Difference between revisions of "2003 AMC 10A Problems/Problem 23"
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==Solution 2== | ==Solution 2== | ||
− | We see that the bottom row of <math>2003</math> small triangles is formed from <math>1002</math> | + | We see that the bottom row of <math>2003</math> small triangles is formed from <math>1002</math> downward-facing triangles and <math>1001</math> upward-facing triangles. Since each downward-facing triangle uses three distinct toothpicks, and since the total number of downward-facing triangles is <math>1002+1001+...+1=\frac{1003\cdot1002}{2}=502503</math>, we have that the total number of toothpicks is <math>3\cdot 502503=1507509</math> |
== See Also == | == See Also == |
Revision as of 19:13, 3 February 2011
Contents
Problem
A large equilateral triangle is constructed by using toothpicks to create rows of small equilateral triangles. For example, in the figure we have rows of small congruent equilateral triangles, with small triangles in the base row. How many toothpicks would be needed to construct a large equilateral triangle if the base row of the triangle consists of small equilateral triangles?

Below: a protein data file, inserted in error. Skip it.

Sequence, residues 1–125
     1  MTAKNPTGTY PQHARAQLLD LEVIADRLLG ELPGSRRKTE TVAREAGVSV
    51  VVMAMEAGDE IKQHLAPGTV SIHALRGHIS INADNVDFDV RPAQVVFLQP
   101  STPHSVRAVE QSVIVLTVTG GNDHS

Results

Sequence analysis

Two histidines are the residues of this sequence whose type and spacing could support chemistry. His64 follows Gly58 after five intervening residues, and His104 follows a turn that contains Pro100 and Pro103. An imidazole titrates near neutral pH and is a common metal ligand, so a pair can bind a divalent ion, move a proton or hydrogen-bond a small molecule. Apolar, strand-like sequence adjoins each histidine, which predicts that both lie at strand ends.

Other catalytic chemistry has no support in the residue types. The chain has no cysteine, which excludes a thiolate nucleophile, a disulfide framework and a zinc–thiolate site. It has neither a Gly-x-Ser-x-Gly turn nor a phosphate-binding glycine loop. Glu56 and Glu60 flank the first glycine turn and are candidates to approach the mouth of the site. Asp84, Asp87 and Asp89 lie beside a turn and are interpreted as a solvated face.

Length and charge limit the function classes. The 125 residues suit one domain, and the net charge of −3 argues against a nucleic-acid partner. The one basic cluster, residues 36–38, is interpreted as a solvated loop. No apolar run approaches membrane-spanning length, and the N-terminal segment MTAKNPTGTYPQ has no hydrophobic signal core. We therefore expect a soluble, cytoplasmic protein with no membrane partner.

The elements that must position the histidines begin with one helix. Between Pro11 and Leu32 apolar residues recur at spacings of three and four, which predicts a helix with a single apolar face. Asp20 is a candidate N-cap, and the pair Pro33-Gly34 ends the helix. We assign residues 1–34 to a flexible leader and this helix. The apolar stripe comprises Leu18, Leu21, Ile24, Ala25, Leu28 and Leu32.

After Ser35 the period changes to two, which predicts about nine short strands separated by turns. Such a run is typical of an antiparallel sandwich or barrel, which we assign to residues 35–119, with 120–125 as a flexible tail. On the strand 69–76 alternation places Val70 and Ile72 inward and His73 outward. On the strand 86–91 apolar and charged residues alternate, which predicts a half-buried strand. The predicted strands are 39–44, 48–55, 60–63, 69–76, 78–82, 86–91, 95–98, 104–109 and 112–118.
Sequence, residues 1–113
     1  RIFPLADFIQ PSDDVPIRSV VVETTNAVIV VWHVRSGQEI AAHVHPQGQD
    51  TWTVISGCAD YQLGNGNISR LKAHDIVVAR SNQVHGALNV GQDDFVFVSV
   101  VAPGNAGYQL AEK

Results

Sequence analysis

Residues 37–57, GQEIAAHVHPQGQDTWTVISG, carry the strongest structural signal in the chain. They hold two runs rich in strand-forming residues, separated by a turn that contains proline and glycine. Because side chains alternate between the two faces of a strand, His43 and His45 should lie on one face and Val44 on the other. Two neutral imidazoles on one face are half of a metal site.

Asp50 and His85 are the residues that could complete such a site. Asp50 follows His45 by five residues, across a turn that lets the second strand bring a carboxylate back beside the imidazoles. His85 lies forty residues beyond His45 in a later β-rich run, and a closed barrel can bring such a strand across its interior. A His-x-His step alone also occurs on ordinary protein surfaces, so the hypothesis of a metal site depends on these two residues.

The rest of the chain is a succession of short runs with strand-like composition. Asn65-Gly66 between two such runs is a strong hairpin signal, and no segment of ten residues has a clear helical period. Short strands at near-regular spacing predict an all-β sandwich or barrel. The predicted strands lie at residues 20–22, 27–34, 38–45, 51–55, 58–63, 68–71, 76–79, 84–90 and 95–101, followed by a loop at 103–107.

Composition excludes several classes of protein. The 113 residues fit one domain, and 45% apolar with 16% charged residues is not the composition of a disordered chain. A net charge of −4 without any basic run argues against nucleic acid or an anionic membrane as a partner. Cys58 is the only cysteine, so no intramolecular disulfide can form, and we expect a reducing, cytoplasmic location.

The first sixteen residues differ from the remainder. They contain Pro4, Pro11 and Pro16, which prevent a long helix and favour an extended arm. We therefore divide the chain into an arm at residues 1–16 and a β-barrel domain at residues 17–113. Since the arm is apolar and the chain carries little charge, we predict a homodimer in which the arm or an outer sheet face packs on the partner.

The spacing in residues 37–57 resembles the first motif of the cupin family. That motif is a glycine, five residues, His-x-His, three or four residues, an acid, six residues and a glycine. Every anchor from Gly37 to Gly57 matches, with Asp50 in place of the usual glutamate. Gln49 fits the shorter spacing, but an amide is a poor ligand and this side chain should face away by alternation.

Solution 1
There are small equilateral triangles.
Each small equilateral triangle needs toothpicks to make it.
But, each toothpick that isn't one of the toothpicks on the outside of the large equilateral triangle is a side for small equilateral triangles.
So, the number of toothpicks on the inside of the large equilateral triangle is
Therefore the total number of toothpicks is
Solution 2
We see that the bottom row of small triangles is formed from downward-facing triangles and upward-facing triangles. Since each downward-facing triangle uses three distinct toothpicks, and since the total number of downward-facing triangles is , we have that the total number of toothpicks is
See Also
2003 AMC 10A (Problems • Answer Key • Resources) | ||
Preceded by Problem 22 |
Followed by Problem 24 | |
1 • 2 • 3 • 4 • 5 • 6 • 7 • 8 • 9 • 10 • 11 • 12 • 13 • 14 • 15 • 16 • 17 • 18 • 19 • 20 • 21 • 22 • 23 • 24 • 25 | ||
All AMC 10 Problems and Solutions |